Brisbin v. Vulcan Materials Company, No. 1:2011cv00568 - Document 61 (E.D. Cal. 2013)

Court Description: ORDER DENYING 53 Calmat's Motion to Compel Attendance at Deposition and Request for Sanctions. The hearing set for 7/3/2013, is VACATED. Order signed by Magistrate Judge Sheila K. Oberto on 6/28/2013. (Timken, A)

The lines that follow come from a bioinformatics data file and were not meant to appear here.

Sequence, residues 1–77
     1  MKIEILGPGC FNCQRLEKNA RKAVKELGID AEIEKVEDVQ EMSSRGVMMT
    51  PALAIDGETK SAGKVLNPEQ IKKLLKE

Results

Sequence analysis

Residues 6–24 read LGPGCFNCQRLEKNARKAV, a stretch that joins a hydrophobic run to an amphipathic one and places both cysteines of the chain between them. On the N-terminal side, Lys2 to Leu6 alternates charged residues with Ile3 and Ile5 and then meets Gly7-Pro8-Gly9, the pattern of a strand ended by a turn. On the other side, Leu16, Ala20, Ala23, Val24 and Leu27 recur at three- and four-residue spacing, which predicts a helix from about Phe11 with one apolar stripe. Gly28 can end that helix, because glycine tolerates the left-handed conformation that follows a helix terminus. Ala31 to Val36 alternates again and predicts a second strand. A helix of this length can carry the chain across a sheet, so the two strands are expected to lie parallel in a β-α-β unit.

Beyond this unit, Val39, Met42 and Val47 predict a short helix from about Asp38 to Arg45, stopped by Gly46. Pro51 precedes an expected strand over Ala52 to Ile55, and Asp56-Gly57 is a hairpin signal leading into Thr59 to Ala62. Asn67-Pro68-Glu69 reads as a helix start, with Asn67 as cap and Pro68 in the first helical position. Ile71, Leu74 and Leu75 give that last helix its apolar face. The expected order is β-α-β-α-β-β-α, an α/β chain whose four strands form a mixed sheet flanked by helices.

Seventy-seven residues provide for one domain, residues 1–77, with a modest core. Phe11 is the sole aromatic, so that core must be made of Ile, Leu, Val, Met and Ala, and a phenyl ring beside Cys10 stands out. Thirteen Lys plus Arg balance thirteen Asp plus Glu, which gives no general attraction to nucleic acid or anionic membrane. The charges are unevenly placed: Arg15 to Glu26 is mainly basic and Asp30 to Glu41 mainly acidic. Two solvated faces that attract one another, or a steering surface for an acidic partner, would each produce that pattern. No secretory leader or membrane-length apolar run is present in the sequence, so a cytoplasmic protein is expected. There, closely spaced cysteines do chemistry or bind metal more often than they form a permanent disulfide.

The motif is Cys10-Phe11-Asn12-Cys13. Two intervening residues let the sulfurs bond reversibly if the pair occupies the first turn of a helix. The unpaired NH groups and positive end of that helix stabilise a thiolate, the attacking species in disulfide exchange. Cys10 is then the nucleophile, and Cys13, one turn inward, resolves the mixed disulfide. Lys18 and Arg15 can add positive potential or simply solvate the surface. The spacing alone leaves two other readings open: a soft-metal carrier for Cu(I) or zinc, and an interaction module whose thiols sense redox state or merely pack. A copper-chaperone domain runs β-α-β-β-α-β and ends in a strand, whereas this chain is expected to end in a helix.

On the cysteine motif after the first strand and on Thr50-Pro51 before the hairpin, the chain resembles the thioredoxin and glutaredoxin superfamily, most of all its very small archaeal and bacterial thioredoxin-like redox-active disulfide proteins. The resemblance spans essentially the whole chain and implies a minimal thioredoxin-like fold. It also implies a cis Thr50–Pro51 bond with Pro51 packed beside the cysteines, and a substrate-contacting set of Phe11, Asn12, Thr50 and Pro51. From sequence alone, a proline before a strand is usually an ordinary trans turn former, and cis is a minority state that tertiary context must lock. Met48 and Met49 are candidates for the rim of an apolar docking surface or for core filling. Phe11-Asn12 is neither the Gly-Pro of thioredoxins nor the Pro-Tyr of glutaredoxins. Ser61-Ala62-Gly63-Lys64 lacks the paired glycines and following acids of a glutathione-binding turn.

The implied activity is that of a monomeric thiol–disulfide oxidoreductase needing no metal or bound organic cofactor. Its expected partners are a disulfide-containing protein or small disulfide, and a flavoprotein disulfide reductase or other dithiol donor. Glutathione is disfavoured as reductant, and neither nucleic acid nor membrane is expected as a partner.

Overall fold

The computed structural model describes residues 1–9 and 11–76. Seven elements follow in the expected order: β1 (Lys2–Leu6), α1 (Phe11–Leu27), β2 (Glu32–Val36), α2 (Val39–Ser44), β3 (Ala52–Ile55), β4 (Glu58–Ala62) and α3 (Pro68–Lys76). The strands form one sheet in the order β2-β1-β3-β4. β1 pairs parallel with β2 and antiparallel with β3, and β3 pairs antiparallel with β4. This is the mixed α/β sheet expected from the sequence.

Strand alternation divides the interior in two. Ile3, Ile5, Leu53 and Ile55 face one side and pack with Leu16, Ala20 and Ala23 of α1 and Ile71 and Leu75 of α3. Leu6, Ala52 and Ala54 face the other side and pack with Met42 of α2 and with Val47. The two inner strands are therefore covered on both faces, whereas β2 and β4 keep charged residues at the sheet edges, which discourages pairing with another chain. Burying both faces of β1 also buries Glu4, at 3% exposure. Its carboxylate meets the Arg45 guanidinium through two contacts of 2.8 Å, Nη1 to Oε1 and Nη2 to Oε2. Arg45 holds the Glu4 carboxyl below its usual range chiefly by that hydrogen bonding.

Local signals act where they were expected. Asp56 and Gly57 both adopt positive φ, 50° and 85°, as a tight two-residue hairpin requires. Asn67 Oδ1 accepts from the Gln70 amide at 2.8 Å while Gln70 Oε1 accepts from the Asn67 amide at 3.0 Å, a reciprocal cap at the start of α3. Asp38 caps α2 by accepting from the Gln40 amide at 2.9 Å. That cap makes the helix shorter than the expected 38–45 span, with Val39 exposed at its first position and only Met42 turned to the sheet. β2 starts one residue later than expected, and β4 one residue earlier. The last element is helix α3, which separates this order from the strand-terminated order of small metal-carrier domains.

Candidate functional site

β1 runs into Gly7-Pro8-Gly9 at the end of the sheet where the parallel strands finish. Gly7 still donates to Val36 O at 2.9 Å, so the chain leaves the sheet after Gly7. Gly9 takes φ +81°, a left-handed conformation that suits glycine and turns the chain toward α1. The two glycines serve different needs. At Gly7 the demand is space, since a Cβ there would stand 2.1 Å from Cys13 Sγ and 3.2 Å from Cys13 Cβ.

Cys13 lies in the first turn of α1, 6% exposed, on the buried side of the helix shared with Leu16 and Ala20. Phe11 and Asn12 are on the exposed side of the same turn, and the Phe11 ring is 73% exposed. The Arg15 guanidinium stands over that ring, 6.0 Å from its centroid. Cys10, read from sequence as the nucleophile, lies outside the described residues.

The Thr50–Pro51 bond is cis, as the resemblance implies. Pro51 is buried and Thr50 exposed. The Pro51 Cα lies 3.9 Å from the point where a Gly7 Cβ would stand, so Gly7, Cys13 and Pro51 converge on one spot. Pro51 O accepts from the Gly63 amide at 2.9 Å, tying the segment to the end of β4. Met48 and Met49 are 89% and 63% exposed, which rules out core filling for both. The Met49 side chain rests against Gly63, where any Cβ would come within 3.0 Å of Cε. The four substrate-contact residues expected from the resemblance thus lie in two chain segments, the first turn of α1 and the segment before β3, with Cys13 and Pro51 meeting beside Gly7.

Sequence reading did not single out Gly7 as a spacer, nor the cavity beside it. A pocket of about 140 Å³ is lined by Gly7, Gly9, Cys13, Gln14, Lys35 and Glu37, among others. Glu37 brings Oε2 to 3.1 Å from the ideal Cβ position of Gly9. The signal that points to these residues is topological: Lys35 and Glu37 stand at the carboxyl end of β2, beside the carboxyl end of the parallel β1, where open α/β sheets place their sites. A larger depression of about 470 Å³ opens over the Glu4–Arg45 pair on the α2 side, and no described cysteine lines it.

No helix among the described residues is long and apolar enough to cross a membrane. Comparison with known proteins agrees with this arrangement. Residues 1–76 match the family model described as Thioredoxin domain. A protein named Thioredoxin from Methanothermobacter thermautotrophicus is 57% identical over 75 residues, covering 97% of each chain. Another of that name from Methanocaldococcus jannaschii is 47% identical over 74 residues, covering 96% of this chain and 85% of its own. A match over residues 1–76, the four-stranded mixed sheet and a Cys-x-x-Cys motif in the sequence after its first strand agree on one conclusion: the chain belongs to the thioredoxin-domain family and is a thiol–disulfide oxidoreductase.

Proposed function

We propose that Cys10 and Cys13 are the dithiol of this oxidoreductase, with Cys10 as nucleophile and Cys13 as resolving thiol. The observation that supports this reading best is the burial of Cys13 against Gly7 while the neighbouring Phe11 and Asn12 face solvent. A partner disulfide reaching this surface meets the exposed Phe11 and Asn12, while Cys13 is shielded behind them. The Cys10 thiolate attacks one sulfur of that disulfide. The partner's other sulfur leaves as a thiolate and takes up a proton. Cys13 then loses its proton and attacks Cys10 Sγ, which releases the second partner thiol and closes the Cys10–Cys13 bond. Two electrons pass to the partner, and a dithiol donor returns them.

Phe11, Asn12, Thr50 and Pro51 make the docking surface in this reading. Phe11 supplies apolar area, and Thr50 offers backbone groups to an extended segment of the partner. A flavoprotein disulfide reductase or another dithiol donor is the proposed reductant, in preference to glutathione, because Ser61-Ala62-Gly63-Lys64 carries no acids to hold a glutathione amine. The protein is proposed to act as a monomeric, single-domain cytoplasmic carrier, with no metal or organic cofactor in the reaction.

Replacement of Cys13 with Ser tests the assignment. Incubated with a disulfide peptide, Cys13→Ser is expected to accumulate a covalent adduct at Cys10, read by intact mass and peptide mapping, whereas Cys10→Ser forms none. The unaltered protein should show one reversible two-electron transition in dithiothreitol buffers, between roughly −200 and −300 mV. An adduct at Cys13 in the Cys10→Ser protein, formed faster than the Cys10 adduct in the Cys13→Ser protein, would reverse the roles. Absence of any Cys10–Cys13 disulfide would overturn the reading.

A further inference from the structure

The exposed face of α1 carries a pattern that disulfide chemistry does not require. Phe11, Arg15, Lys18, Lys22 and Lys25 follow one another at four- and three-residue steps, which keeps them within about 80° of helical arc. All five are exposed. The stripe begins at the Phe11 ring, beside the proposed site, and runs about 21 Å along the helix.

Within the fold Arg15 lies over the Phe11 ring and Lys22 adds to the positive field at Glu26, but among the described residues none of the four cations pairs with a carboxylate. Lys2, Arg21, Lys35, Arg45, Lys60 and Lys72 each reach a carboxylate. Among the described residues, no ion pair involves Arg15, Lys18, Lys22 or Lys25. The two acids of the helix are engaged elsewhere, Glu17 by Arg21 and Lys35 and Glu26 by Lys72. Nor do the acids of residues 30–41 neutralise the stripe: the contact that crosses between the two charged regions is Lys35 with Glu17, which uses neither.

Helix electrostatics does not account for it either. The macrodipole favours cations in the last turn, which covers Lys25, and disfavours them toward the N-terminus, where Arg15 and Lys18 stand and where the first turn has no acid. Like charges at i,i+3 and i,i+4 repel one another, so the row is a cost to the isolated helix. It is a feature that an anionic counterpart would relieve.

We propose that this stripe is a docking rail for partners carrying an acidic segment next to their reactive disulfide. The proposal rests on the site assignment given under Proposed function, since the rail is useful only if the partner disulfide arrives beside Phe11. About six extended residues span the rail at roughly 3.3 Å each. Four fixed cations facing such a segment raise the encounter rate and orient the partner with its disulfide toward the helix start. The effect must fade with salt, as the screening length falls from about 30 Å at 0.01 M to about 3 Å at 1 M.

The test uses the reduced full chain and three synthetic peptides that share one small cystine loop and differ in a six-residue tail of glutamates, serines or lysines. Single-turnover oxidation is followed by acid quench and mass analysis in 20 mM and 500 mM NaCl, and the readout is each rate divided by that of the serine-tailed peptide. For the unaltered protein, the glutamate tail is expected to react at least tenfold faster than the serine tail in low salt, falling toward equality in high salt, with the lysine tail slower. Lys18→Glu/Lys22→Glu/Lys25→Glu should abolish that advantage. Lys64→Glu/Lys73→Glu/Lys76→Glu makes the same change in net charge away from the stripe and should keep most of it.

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1 2 3 4 5 6 7 8 UNITED STATES DISTRICT COURT 9 EASTERN DISTRICT OF CALIFORNIA 10 11 12 JOHN C. BRISBIN, an individual, dba CONSTRUCTION DEVELOPMENT SYSTEMS, 13 14 15 16 17 18 CASE NO. 1:11-cv-00568-AWI-SKO ORDER DENYING CALMAT'S MOTION TO COMPEL ATTENDANCE AT DEPOSITION AND REQUEST FOR SANCTIONS Plaintiff, v. CALMAT CO, dba VULCAN MATERIALS COMPANY - WESTERN DIVISION, (Docket No. 53) Defendant, __________________________________ 19 AND RELATED ACTIONS. 20 21 22 I. INTRODUCTION 23 On June 17, 2013, Defendant/Counter-Claimant Calmat DBA Vulcan Materials Company 24 ("Calmat") filed a Motion for Order Compelling Attendance at Depositions and Request for 25 Sanctions, seeking an order compelling the attendance at depositions of the expert witnesses 26 designated by Plaintiff/Counter-Defendant John C. Brisbin, an individual and DBA Construction 27 Development Systems, ("Brisbin"). 28 Non-Opposition. (Doc. 59.) For the reasons set forth below, Calmat's motion is DENIED. On June 27, 2013, Brisbin filed a Statement of 1 1 II. RELEVANT PROCEDURAL HISTORY 2 On July 12, 2011, the Court issued a scheduling order setting a non-expert discovery 3 deadline of October 31, 2011, an expert discovery deadline of January 31, 2012, a non-dispositive 4 motion filing deadline of January, 23, 2012, a dispositive motion filing deadline of February 29, 5 2012, a settlement conference date of March 6, 2012, a pre-trial conference date of May 23, 2012, 6 and a trial date of July 17, 2012. (Doc. 13.) 7 On October 12, 2011, the parties filed a stipulation requesting to amend the scheduling 8 order, which was approved by the Court on October 17, 2011. (Docs. 15, 16.) As such, the 9 non-expert discovery deadline was continued to January 31, 2012; no other provisions of the July 10 12, 2011, scheduling order were modified. (Doc. 16.) 11 On December 29, 2011, the parties filed a stipulation requesting to amend the scheduling 12 order and continue all deadlines by 60 days to allow the parties to engage in mediation. (Doc. 13 18.) On January 5, 2012, the Court approved the request and continued the dates; the non-expert 14 and expert discovery deadlines were set for March 16, 2012, the non-dispositive motion filing 15 deadline was set for March 21, 2012, the dispositive motion filing deadline was set for April 27, 16 2012, the settlement conference was set for May 17, 2012, the pre-trial conference was set for 17 July 25, 2012, and the trial was set for September 18, 2012. (Doc. 19.) 18 On January 26, 2012, the parties filed a stipulation seeking to amend the scheduling order 19 due to Plaintiff's health issues; the Court approved the request on February 3, 2012, and set a new 20 schedule. (Docs. 20, 21.) The non-expert and expert discovery deadlines were continued to May 21 16, 2012, the non-dispositive motion filing deadline was continued to May 21, 2012, the 22 dispositive motion filing deadline was continued to June 27, 2012, the settlement conference was 23 continued to July 17, 2012, the pre-trial conference was continued September 26, 2012, and the 24 trial date was continued to November 27, 2012. (Doc. 21.) 25 On May 11, 2012, the parties filed a stipulation requesting amendment to the scheduling 26 order due to Plaintiff's ongoing health concerns. (Doc. 22.) After conferring with the parties 27 (Doc. 23), the Court issued a new scheduling order continuing the non-expert discovery to June 8, 28 2012, setting the expert disclosure deadline on June 15, 2012, the rebuttal expert disclosure 2 1 deadline for June 29, 2012, and continuing the expert discovery deadline to July 31, 2012. (Doc. 2 24.) All other deadlines remained unchanged. (Doc. 24.) 3 On August 16, 2012, the parties filed a stipulation to continue the trial and other related 4 dates due to Plaintiff's continued health issues. (Doc. 30.) On August 24, 2012, the Court issued 5 an order that continued the pre-trial conference to January 29, 2013, and the trial to March 26, 6 2013. (Doc. 31.) The parties were ordered to meet and confer and to file a stipulation regarding 7 the continuance of the remaining deadlines in the case. (Doc. 31.) 8 On August 29, 2012, the parties filed a stipulation to reset the settlement conference date 9 and extend remaining trial deadlines. (Doc. 32.) On September 4, 2012, the Court approved the 10 parties' request and ordered that the parties exchange supplemental expert disclosures on or 11 before October 1, 2012, that expert discovery be completed by December 14, 2012, and that the 12 settlement conference be continued to January 8, 2013. (Doc. 33.) No other dates or deadlines 13 were continued. 14 On January 2, 2013, the parties filed a stipulation to continue the settlement conference, 15 which was approved by the Court on January 3, 2013. (Docs. 39, 40.) The settlement conference 16 was continued to March 8, 2013; no other dates or deadlines were modified. (Doc. 40.) On 17 January 28, 2013, the parties filed a stipulation seeking to continue the pre-trial conference and 18 trial dates due to Plaintiff's health; on January 31, 2013, the Court ordered the schedule modified 19 and continued only the pre-trial conference date to June 26, 2013, and the trial date to August 20, 20 2013. (Docs. 42, 44.) No other schedule modifications were made. (Doc. 44.) 21 On March 6, 2013, the Court continued the settlement conference scheduled for March 8, 22 2013, to March 29, 2013, due to Brisbin's failure to comply with the requirements set forth in the 23 Court's December 6, 2012, Order re Settlement Conference. (Docs. 47, 48.) On March 19, 2013, 24 the Court vacated the settlement conference due to Brisbin's continued failure to comply with the 25 Court's Order re Settlement Conference. (Doc. 52.) 26 27 On June 26, 2013, a pre-trial conference was held before District Judge Ishii, and the trial was continued to November 13, 2013. (Docs. 57, 58.) 28 3 1 The Court recognizes that there were numerous schedule modifications requested and 2 granted due to mediation efforts, Plaintiff's health issues, and Plaintiff's failure to comply with 3 Court orders. However, the above referenced orders provide that the current schedule consists of 4 the following dates and deadlines: the non-expert discovery deadline was May 16, 2012, (Doc. 5 21), the expert discovery deadline was December 14, 2012, (Doc. 33), the pre-trial conference 6 was held on June 26, 2013, (Doc. 44), and the trial date is set for November 13, 2013, (Doc. 57, 7 58). There is no settlement conference currently scheduled. (Doc. 52.) 8 The parties did not request any continuances of the expert discovery deadline of 9 December 14, 2012, after it was set; the only continuances requested after that time concerned the 10 settlement conference, the pre-trial conference, and the trial. (Docs. 39, 42, 49.) Pursuant to the 11 parties' stipulated agreement and the Court's order setting the schedule, expert discovery closed 12 on December 14, 2012. (Doc. 33.) 13 III. DISCUSSION 14 Calmat's motion seeks to compel depositions of Brisbin's expert witnesses and seeks 15 monetary sanctions against Brisbin and his attorney. (Doc. 53.) Calmat indicates that, when the 16 settlement conference was scheduled for January 8, 2013, the parties "agreed to withhold taking 17 expert depositions until after the Settlement Conference." (Doc. 53, 4:17-18.) After the Court 18 ordered on March 19, 2013, that the settlement conference scheduled for March 29, 2013, be 19 vacated, on April 25, 2013, Calmat noticed the depositions of Brisbin's experts for May 13-14, 20 2013. (Doc. 52, Doc. 53, 5:4-12.) 21 On May 2, 2013, Brisbin's counsel informed Calmat's counsel that Brisbin's counsel 22 would be unable to conduct depositions as scheduled; the depositions were continued and re- 23 noticed for June 6-7, 2013. (Doc. 53, 5:14-6:13.) Brisbin's counsel contacted Calmat's counsel to 24 inform counsel that Brisbin's experts would not be available for deposition; no explanation was 25 provided for the unavailability, nor was the unavailability confirmed in writing. (Doc. 53, 26 6:15-19.) After discussion between counsel, depositions were rescheduled for June 13, 2013, but 27 canceled by Brisbin on June 12, 2013. (Doc. 53, 7:21-8:17.) Calmat's counsel discovered that 28 4 1 one of Brisbin's experts was available and could have attended the June 13, 2013, deposition. 2 (Doc. 53, 9:20-25.) 3 Calmat contends that Brisbin "has willfully and deliberately failed and refused to appear 4 for his expert deposition and deliberately refused to allow his designated experts to be deposed." 5 (Doc. 53, 10:2-4.) Calmat seeks to compel the depositions or, alternatively, bar Brisbin from 6 calling any expert witnesses at trial, and seeks monetary sanctions in the amount of $3,400. (Doc. 7 53.) 8 Brisbin filed a Statement of Non-Opposition stating that Calmat is entitled to take expert 9 depositions and proposes new dates for the depositions to take place. (Doc. 59.) Brisbin raises 10 no objections to Calmat's motion. (Doc. 59.) However, expert discovery closed in this case on 11 December 14, 2012. (Doc. 33.) The parties did not seek to continue the expert discovery 12 deadline from that date, and Calmat did not request a schedule modification in its motion. 13 Further, Calmat has not shown good cause to modify the schedule, and its motion is untimely. As 14 such, for the reasons set forth below, the Court cannot grant Calmat the relief sought and the 15 motion is DENIED. 16 A. Legal Standard for Adherence to the Scheduling Order 17 Districts courts "must issue a scheduling order" in civil actions to "limit the time to join 18 other parties, amend the pleadings, complete discovery, and file motions." Fed. R. Civ. P. 19 16(b)(1),(3). Once entered by the court, a scheduling order "controls the course of the action 20 unless the court modifies it." Fed. R. Civ. P. 16(d). Scheduling orders are intended to alleviate 21 case management problems. Johnson v. Mammoth Recreations, Inc., 975 F.2d 604, 610 (9th Cir. 22 1992). As such, a scheduling order is "the heart of case management." Koplove v. Ford Motor 23 Co., 795 F.2d 15, 18 (3rd Cir. 1986). A "scheduling conference order is not a frivolous piece of 24 paper, idly entered, which can be cavalierly disregarded without peril." Johnson, 975 F.2d at 610 25 (internal quotation marks and citation omitted). 26 27 The Ninth Circuit has established that Rule 16 deadlines must be taken seriously and that the district court: 28 5 1 needs the authority to manage the cases before it efficiently and effectively. In these days of heavy caseloads, trial courts in both the federal and state systems routinely set schedules and establish deadlines to foster the efficient treatment and resolution of cases. Those efforts will be successful only if the deadlines are taken seriously by the parties, and the best way to encourage that is to enforce the deadlines. Parties must understand that they will pay a price for failure to comply strictly with scheduling and other orders, and that failure to do so may properly support severe sanctions and exclusions of evidence. 2 3 4 5 6 Wong v. Regents of the Univ. of Cal., 410 F.3d 1052, 1060 (9th Cir. 2005); see also Singh v. 7 Arrow Truck Sales, Inc., No. 2:05-CV-2564-GEB-KJM, 2006 WL 1867540, at *2 (E.D. Cal., July 8 5, 2006) ("Rules are rules ā€“ and the parties must play by them. In the final analysis, the judicial 9 process depends heavily on the judge's credibility. To ensure such credibility, a district judge 10 must often be firm in managing crowded dockets and demanding adherence to announced 11 deadlines. If he or she sets a reasonable due date, parties should not be allowed casually to flout it 12 or painlessly to escape the foreseeable consequences of noncompliance" (citing Legault v. 13 Zambrano, 105 F.3d 24, 28-29 (1st Cir. 1997)). 14 The Ninth Circuit has deemed Rule 16 to be an essential tool in controlling heavy trial 15 court dockets by recognizing the importance of a "district court's ability to control its docket by 16 enforcing a discovery termination date, even in the face of requested supplemental discovery that 17 might have revealed highly probative evidence, when the [party's] prior discovery efforts were 18 not diligent." Cornwell v. Electra Central Credit Union, 439 F.3d 1018, 1027 (9th Cir. 2006). 19 "The use of orders establishing a firm discovery cutoff date is commonplace, and has impacts 20 generally helpful to the orderly progress of litigation, so that the enforcement of such an order 21 should come as a surprise to no one." Id. As the Ninth Circuit explained, "[d]istrict courts have 22 wide latitude in controlling discovery, and [their] rulings will not be overturned in the absence of 23 a clear abuse of discretion." Id. (citation and internal quotation marks omitted). 24 B. The Motion is Untimely 25 Though the Federal Rules of Civil Procedure place no time limit on the outside date for 26 the filing of a motion to compel discovery, motions to compel filed after the close of discovery 27 generally are deemed untimely. See, e.g., Watts v. Allstate Indem. Co., No. 2:08ā€“cvā€“01877 LKK 28 KJN, 2012 WL 5289314, at 2 (E.D. Cal., October 23, 2012) ("Motions to compel . . . discovery 6 1 had to have been heard 30 days before [the discovery] cutoff in order for discovery to be 2 completed by the cutoff."); Clinton v. California Dep't of Corr., No. CIVS05-1600-LKKCMKP, 3 2009 WL 1308984 (E.D. Cal. May 11, 2009) objections overruled, No. CIV.S-05-1600LKK 4 CMK, 2009 WL 1617811, at *7 (E.D. Cal. June 9, 2009) ("[A]ll motions to compel were to be 5 filed by the close of discovery. Therefore, any discovery requests propounded and any motions to 6 compel filed after that date are untimely."). 7 Here, expert discovery closed on December 14, 2012, and Calmat's motion was filed on 8 June 17, 2013. (Docs. 33, 53.) As such, Calmat's motion, filed more than six months after the 9 expert discovery deadline, is untimely. 10 C. The Parties Have Not Requested Modification of the Schedule 11 The expert discovery deadline in this action was December 14, 2012, the pre-trial 12 conference took place on June 26, 2013, and the trial is set for November 13, 2013. (Docs. 33, 13 44, 57.) Despite the fact that expert discovery closed in this action on December 14, 2012, 14 Calmat's motion is seeking to compel depositions of Brisbin's expert witnesses. 15 When granting a motion to compel discovery would require amendment to the scheduling 16 order, a parties' failure to seek modification of the scheduling order is a sufficient reason to deny 17 the motion. See Johnson, 975 F.2d at 608-09 (noting a court could properly deny relief that 18 would require amendment to the scheduling order solely because a party failed to request 19 modification to the scheduling order); U.S. Dominator, Inc. v. Factory Ship Robert E. Resoff, 20 768 F.2d 1099, 1104 (9th Cir. 1985), superseded by statute on other grounds, Simpson v. Lear 21 Astronics Corp., 77 F.3d 1170 (9th Cir.1996) (finding that the court may deny as untimely a 22 motion filed after the scheduling order cut-off date where no request to modify the order has been 23 made). 24 Here, neither party requested modification of the scheduling order to continue the expert 25 discovery deadline beyond December 14, 2012. Since the Court cannot grant Calmat effective 26 relief without amending the scheduling order and reopening expert discovery, the motion can be 27 denied on that basis alone. 28 7 1 The Court recognizes that the parties "agreed to withhold taking expert designations until 2 after the Settlement Conference" scheduled for January 8, 2013. (Doc. 53, 4:16-18.) However, 3 this date was past the expert discovery deadline of December 14, 2012, and neither party sought 4 approval from the Court to modify the schedule to continue the expert discovery deadline. 5 Further, "[a] schedule may be modified only for good cause and with the judge's consent." Fed. 6 R. Civ. P. 16(b)(4) (emphasis added). The parties failed to seek the Court's consent. As such, the 7 schedule was not modified to account for the parties' agreement, and expert discovery closed on 8 December 14, 2012. (Doc. 33.) 9 D. Calmat Failed to Show Good Cause to Amend the Scheduling Order 10 As noted, a party must show good cause to modify the schedule. See Fed. R. Civ. P. 11 16(b)(4). The "good cause" requirement of Rule 16 primarily considers the diligence of the party 12 seeking the amendment. Johnson, 975 F.2d at 609. "The district court may modify the pretrial 13 schedule if it cannot reasonably be met despite the diligence of the party seeking the extension." 14 Id. (internal citation and quotation marks omitted). 15 Good cause may be found to exist where the moving party shows, for example, that it: 16 (1) diligently assisted the court in recommending and creating a workable scheduling order, see In 17 re San Juan Dupont Plaza Hotel Fire Litig., 111 F.3d 220, 228 (1st Cir. 1997), (2) is unable to 18 comply with the deadlines contained in the scheduling order due to issues not reasonably 19 foreseeable at the time of the scheduling order, see Johnson, 975 F.3d at 609, and (3) was diligent 20 in seeking an amendment once the party reasonably knew that it could not comply with the 21 scheduling order, see Eckert Cold Storage, Inc. v. Behl, 943 F. Supp. 1230, 1233 (E.D. Cal. 22 1996); see also Jackson v. Laureate, Inc., 186 F.R.D. 605, 608 (E.D. Cal. 1999). "If [the] party 23 was not diligent, the inquiry should end." Johnson, 975 F.2d at 609. 24 Here, Calmat has not been diligent. As discussed above, neither party sought to extend 25 the December 14, 2012, expert discovery deadline, nor does Calmat's motion request to modify 26 the schedule. 27 settlement conference, they did not seek a court order to continue the expert discovery deadline. 28 Further, the settlement conference was vacated by the Court on March 19, 2013 (Doc. 52), but 8 Although the parties apparently agreed to hold these depositions after the 1 Calmat waited over a month until April 25, 2013, to serve notices of taking depositions for May 2 13 and 14, 2013. (Doc. 53, 5:9-12.) 3 Calmat's motion acknowledges that there were issues regarding these depositions for the 4 past several months (Doc. 53, 5:14-10:5), but did not file the motion until June 18, 2013, and 5 scheduled the hearing for July 3, 2013 ā€“ one week after the pretrial conference date of June 26, 6 2013. As such, Calmat was seeking to conduct further discovery after the pre-trial conference 7 was held. While the trial has now been continued to November 13, 2013, the expert discovery 8 deadline closed more than six months ago, and it is far too late into the schedule to seek to 9 compel discovery. (Doc. 33.) 10 In sum, Calmat has failed to explain its delay in seeking to compel the depositions and, as 11 such, cannot show that it has been diligent in seeking amendment to the schedule. Thus Calmat 12 failed to show good cause to modify the schedule to allow additional time for discovery. For the 13 reasons set forth above, Calmat's motion is DENIED. Brisbin does not oppose Calmat's motion 14 and acknowledges that Calmat is entitled to conduct expert depositions. (Doc. 59.) As such, the 15 Court encourages the parties to reach an agreement between them to conduct the depositions; the 16 Court will not, however, compel the depositions for the reasons set forth in this order. 17 IV. 18 Accordingly, IT IS HEREBY ORDERED that: 19 1. Calmat's Motion to Compel Attendance at Depositions and Request for Sanctions 20 21 CONCLUSION AND ORDER is DENIED; and 2. The hearing scheduled for July 3, 2013, is VACATED. 22 23 24 25 26 IT IS SO ORDERED. Dated: June 28, 2013 /s/ Sheila K. Oberto UNITED STATES MAGISTRATE JUDGE 27 28 DEAC_Signature-END: ie14hje 9